Hello! Thank you for joining me today. In this presentation I will share some of the exciting audio and video tools that can assist educators in developing meaningful projects. These tools will enhance student learning and teach them to embrace their personal creativity through technology. (20 seconds)
My name is Andrea Ashley and I currently teach Elementary Special Education at Larrymore Elementary School. I’ve been a Special Education teacher for 8 years and now I’m working on getting my Master’s in Education with an endorsement in Library Science. I love coffee; so much so that I named my blog after it. I’m also falling head-over-heels in love with technology and its educational applications. (30 seconds)
So, when it comes to implementing technology tools in the classroom, educators often feel like this. (10 seconds)
And when it comes to traditional classroom learning styles and tools, students often feel like this. (10 sec).
The objective of my presentation today is to teach you about 4 amazing, EASY, audio/video tools that will make your students feel like this. (10 seconds).
And make YOU and your colleagues feel like this. (5 seconds).
The four tools we’ll be exploring today are: Vocaroo, Narrable, Animoto, and Pixiclip. Throughout my presentation, I will provide you with links to each tool, brief descriptions, and some ideas for both academic and general applications. (20 seconds).
Transition Slide (3 seconds) First up, we’ll talk about Audio tools.
Tool # 1: 5 minutes (Part 1: Introduction and Features – 1 minute): Vocaroo is an online, audio recording tool, which is simple to use and only requires access to a computer and a headset. You do not need to have an account or undergo any authentication procedures. To make a Vocaroo recording, all you need to do is click record and say what you want. When you are finished recording, hit stop. Vocaroo then gives you the option to retry your recording if you don’t like it (or your cats decide to make a bunch of noise while your recording), or play it back to listen. Vocaroo comes with many easy sharing options including: links, embed codes, and QR codes. (Part 2 – Limitations (1 minute)): Vocaroo does come with some limitations. For example, a Vocaroo cannot be paused or rewound; it either plays or stops. Each time you stop a Vocaroo, the recording will go back to the beginning. It is best to apply Vocaroos to shorter assignments that are not cumbersome to replay if necessary. (Part 3 – Applications (2 minutes)): Vocaroo is a fantastic tool that is capable of application across many means and academic standards. As a special education teacher, this particular piece of technology is dear to my heart because it’s easy to create read alouds. I think this is significant to both teachers and specialists, because it finally provides an uncomplicated way to ensure IEP compliance across all settings. You can attach Vocaroos to a number of assignments and files. You could attach a Vocaroo to your library website to assist struggling readers with independent navigation. Vocaroos can make your library and classroom websites more interactive – think about how exciting, and maybe even comforting, it would be for students to be able to click a button and hear your voice leading them through procedures. Vocaroos could be attached to homework help pages to assist with assignment completion, or they could be attached to QR codes. These codes could then be posted around the media center or around work stations in the classroom, to provide students with directional guidance, ideas, or to complete activities like scavenger hunts. Third grade SOL 3.2 states that students will present brief oral reports with media. Vocaroo could be used as a tool to allow students to conduct oral reports, or add audio to their presentations, without the pressure of standing in front of the class. In 5th grade, SOL 5.3 states that students will learn how media messages are constructed and their purpose. They could use Vocaroo to generate mock commercials or mock radio news reports, conduct interviews, and generate simple podcasts, which could then be evaluated to encourage critical analysis of purpose and effectiveness. (Part 4 – Example ( 1 minute)): In the example I’ll show you, I generated a Vocaroo, which I attached to a website I developed for class. I gave myself a fictional media specialist name, and if you can identify where it came from…you get my kudos. This Vocaroo was used in such a way as to engage students’ interest and make their specific section of my website more interactive. As you listen, think about some ways you could use Vocaroo.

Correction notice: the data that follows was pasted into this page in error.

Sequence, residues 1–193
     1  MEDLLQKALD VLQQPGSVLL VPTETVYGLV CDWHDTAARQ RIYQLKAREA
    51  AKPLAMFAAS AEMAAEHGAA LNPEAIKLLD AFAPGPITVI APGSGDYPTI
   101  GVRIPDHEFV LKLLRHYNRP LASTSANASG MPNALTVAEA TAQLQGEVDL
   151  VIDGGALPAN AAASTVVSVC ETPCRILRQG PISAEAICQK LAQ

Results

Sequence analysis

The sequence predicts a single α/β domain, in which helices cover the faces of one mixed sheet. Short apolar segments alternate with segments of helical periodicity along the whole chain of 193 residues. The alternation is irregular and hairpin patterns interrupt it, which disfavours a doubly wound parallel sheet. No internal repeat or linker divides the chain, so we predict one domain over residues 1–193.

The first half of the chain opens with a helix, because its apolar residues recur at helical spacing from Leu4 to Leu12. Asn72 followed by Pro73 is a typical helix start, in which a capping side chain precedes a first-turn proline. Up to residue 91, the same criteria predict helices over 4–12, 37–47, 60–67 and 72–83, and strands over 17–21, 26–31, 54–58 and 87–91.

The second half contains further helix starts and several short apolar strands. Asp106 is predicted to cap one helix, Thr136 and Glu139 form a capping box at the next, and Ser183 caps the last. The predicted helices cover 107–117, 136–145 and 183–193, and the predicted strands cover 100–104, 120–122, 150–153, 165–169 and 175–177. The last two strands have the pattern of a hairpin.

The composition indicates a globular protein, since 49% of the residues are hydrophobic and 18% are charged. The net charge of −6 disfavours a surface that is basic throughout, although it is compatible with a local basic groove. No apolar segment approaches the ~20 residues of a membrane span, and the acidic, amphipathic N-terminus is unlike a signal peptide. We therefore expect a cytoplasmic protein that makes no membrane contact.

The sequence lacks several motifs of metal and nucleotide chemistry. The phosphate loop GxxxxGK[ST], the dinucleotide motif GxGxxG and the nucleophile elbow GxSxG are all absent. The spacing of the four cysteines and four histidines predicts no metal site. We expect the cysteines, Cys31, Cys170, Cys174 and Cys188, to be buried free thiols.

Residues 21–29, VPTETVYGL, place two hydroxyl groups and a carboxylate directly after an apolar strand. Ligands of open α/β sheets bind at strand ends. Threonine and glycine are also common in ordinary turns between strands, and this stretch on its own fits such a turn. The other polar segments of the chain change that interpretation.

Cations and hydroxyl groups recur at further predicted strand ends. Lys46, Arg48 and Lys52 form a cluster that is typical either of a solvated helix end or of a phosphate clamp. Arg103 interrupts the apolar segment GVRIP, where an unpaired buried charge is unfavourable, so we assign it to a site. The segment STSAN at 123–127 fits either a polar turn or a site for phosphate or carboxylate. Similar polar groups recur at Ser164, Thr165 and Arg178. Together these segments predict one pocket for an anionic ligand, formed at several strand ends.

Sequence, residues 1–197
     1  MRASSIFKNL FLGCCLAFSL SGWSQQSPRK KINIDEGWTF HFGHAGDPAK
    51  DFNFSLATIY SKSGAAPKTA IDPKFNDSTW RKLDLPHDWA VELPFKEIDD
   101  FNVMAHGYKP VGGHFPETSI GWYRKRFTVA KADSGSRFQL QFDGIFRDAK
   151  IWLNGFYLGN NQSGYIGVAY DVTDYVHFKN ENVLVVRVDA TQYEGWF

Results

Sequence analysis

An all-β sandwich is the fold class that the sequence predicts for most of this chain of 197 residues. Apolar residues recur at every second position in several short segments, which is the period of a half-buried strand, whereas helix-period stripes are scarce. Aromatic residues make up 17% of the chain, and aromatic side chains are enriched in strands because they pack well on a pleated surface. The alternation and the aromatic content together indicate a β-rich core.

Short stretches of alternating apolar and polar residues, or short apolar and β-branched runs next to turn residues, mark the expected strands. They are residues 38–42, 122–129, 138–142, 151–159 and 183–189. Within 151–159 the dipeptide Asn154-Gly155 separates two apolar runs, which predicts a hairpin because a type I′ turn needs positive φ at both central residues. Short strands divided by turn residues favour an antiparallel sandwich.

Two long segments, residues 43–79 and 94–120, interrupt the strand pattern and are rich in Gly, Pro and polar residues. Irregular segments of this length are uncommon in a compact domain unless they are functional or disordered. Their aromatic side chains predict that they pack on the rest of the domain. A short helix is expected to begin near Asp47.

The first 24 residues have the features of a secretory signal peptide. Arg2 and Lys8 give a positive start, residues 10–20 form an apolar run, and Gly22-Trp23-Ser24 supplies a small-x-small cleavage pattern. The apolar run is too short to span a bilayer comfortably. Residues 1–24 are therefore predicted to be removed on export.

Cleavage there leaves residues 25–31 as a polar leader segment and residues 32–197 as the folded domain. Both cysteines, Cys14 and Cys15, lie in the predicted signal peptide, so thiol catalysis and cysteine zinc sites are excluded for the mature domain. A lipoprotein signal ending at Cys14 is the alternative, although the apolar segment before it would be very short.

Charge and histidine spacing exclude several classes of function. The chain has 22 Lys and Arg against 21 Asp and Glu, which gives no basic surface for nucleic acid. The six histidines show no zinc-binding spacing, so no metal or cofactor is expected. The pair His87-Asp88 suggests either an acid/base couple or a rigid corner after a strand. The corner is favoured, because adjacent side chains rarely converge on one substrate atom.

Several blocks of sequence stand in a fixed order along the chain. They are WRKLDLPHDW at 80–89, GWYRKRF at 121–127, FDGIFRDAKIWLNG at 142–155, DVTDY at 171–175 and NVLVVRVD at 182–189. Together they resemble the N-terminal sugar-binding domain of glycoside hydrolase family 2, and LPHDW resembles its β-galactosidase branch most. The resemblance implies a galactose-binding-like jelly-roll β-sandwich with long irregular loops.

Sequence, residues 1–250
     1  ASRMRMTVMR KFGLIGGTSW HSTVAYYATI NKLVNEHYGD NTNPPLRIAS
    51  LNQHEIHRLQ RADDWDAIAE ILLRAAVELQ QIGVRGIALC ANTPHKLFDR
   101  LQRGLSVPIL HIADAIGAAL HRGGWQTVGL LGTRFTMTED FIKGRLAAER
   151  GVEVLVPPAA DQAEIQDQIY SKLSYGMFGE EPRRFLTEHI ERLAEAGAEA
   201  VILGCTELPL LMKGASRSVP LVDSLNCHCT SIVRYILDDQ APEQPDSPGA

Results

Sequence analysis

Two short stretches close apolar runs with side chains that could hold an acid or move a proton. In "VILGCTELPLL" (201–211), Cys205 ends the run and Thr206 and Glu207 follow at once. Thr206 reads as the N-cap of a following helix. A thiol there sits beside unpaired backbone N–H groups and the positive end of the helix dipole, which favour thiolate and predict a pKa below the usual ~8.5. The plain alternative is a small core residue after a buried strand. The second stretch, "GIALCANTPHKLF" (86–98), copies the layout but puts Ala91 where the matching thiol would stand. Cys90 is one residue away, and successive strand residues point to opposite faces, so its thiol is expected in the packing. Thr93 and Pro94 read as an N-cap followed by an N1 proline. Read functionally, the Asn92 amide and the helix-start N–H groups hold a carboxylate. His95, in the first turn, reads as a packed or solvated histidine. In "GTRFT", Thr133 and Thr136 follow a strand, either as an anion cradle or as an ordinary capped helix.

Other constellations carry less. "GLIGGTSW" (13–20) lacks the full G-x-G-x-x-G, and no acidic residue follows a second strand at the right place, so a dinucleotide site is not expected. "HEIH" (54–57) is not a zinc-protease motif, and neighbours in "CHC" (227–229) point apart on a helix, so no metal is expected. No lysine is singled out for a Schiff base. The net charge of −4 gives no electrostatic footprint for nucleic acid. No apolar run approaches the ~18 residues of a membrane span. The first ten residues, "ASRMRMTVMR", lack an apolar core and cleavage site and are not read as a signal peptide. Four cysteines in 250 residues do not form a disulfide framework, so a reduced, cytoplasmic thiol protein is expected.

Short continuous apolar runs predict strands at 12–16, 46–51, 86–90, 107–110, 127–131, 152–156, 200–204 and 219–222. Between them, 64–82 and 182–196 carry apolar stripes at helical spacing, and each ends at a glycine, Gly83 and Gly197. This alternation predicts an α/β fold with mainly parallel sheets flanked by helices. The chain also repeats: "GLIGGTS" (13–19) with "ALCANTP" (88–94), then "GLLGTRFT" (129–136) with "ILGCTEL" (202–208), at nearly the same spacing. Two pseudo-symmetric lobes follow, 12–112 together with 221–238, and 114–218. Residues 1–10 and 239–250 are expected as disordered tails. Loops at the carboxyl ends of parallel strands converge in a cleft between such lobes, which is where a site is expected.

(1 minute transition) Let’s take a quick sharing break to discuss Vocaroo. What are some ways you could use Vocaroo in your classroom or media center? Do you think Vocaroo is an effective tool? Why or why not? What excites you about this tool? What worries you? Do you have any questions for me?